January 23: It’s almost one year since 16 year-old Australian figure skater, Cheltzie Lee skated into the hearts of the nation with a perfect performance at the Vancouver Olympics, finishing in 20th place.
Cheltzie’s Olympic performance, after only making the team in the last days, was a dream come true for the Canterbury skater and she stepped up to the Olympic pressure test.
A stronger performance followed at the 2010 World Championships, where she placed 17th and the eyes of the figure skating world were upon the young girl from Sydney. Then a recurring back injury and her final school year year required Cheltzie to step back for a few months before 1980 Olympic Champion Robin Cousins arrived in Australia last July to create two new programs for the 2011 season.
“The Olympics was awesome and I can’t wait to do it again and then working with Robin, at home, in Australia and with my coach Kylie, was unbelievable. He is a genius and I love my new programs,” said Cheltzie.
The road for the 17 year-old hasn’t been easy. Not long after her new programs were created in Sydney last July, Cheltzie suffered a freakish knee injury, which took three months to heal, kept her out of the late 2010 international season and unable to defend her national title in Melbourne in early December.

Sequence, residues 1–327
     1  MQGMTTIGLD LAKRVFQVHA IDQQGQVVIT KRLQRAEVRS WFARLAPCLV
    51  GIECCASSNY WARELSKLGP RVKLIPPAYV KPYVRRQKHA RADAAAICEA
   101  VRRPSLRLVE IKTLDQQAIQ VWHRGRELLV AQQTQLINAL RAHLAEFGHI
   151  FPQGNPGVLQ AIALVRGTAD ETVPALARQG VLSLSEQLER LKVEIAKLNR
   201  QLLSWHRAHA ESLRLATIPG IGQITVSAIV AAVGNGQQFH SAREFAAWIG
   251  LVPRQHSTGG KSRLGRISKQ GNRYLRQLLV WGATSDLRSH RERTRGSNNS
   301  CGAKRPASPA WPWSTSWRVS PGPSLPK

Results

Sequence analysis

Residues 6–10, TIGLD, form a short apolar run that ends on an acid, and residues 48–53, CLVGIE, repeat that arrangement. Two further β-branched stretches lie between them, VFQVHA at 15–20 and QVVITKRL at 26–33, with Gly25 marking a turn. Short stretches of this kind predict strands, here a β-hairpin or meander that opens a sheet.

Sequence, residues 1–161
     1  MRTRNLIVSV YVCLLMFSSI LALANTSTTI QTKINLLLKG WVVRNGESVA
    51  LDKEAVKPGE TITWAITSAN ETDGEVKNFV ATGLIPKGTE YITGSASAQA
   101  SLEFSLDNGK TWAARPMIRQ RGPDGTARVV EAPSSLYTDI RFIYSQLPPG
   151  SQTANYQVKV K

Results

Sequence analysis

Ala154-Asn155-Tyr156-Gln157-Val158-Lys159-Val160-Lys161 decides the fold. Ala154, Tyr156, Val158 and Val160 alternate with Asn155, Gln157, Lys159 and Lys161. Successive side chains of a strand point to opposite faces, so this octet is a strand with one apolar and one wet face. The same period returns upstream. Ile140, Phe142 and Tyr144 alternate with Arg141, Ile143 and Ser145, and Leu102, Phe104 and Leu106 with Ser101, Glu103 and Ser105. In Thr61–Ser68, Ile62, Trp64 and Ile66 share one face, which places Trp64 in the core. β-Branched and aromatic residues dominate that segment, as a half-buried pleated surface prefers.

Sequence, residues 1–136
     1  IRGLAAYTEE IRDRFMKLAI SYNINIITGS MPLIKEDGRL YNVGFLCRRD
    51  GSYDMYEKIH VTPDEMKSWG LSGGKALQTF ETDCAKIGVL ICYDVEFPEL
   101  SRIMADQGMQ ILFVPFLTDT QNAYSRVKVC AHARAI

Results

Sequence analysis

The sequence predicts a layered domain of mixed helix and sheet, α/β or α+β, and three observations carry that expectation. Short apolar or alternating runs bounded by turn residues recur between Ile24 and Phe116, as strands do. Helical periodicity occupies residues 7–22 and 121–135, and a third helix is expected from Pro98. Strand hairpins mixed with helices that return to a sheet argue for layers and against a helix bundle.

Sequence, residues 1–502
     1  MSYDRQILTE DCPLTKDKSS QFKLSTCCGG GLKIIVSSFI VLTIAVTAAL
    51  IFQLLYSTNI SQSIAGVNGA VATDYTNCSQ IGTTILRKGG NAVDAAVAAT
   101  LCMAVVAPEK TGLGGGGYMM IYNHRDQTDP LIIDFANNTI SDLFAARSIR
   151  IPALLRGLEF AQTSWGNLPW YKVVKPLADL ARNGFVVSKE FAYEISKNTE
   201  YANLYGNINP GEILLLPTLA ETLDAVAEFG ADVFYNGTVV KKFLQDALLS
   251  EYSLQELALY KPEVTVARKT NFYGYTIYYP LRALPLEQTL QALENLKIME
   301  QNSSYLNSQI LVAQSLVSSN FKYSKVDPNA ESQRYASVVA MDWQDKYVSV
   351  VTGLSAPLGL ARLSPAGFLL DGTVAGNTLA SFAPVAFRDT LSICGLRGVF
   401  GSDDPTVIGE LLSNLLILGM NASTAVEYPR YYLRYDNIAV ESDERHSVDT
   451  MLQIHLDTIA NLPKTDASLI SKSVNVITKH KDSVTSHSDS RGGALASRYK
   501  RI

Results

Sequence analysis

Injuries combined with preparing for the Higher School Certificate through Distance Education is bound to test any teenager’s resolve, particularly in an Olympic sport in which Australia has never medalled.
With a love of her sport tested, the NSW Institute of Sport and Olympic Winter Institute scholarship holder is back stronger than ever and ready to compete in Taipei at the Four Continents Championships in late February before heading to the World Championships in March in Tokyo.
Under the guidance of her coach, Kylie Fennell, NSW Institute of Sport physiologist, John Marsden and the careful eye of Five Dock physiotherapist, Jason Power, Cheltzie has increased her strength and is looking forward.
“I’m a lot stronger now than I was this time last year and I’m feeling pretty confident for the coming events,” says Cheltzie. “Passing my driver’s license a week ago feels pretty good too! It will make life easier for my parents, which is what I want most of all.”
Cheltzie is one of the new breed of Olympic Winter Institute athletes including newly crowned Boarder Cross World Champion, Alex “Chumpy” Pullin, Ladies Half Pipe World Champion Holly Crawford and Men’s Half Pipe Champion Nate Johnstone.
The NSW Institute of Sport now has a thriving and successful Winter Sports program, which includes Mogul skiers, Roanna Humphries, Montana O’Neill and younger sister Taylah O’Neill, all from the Meriden School in Strathfield.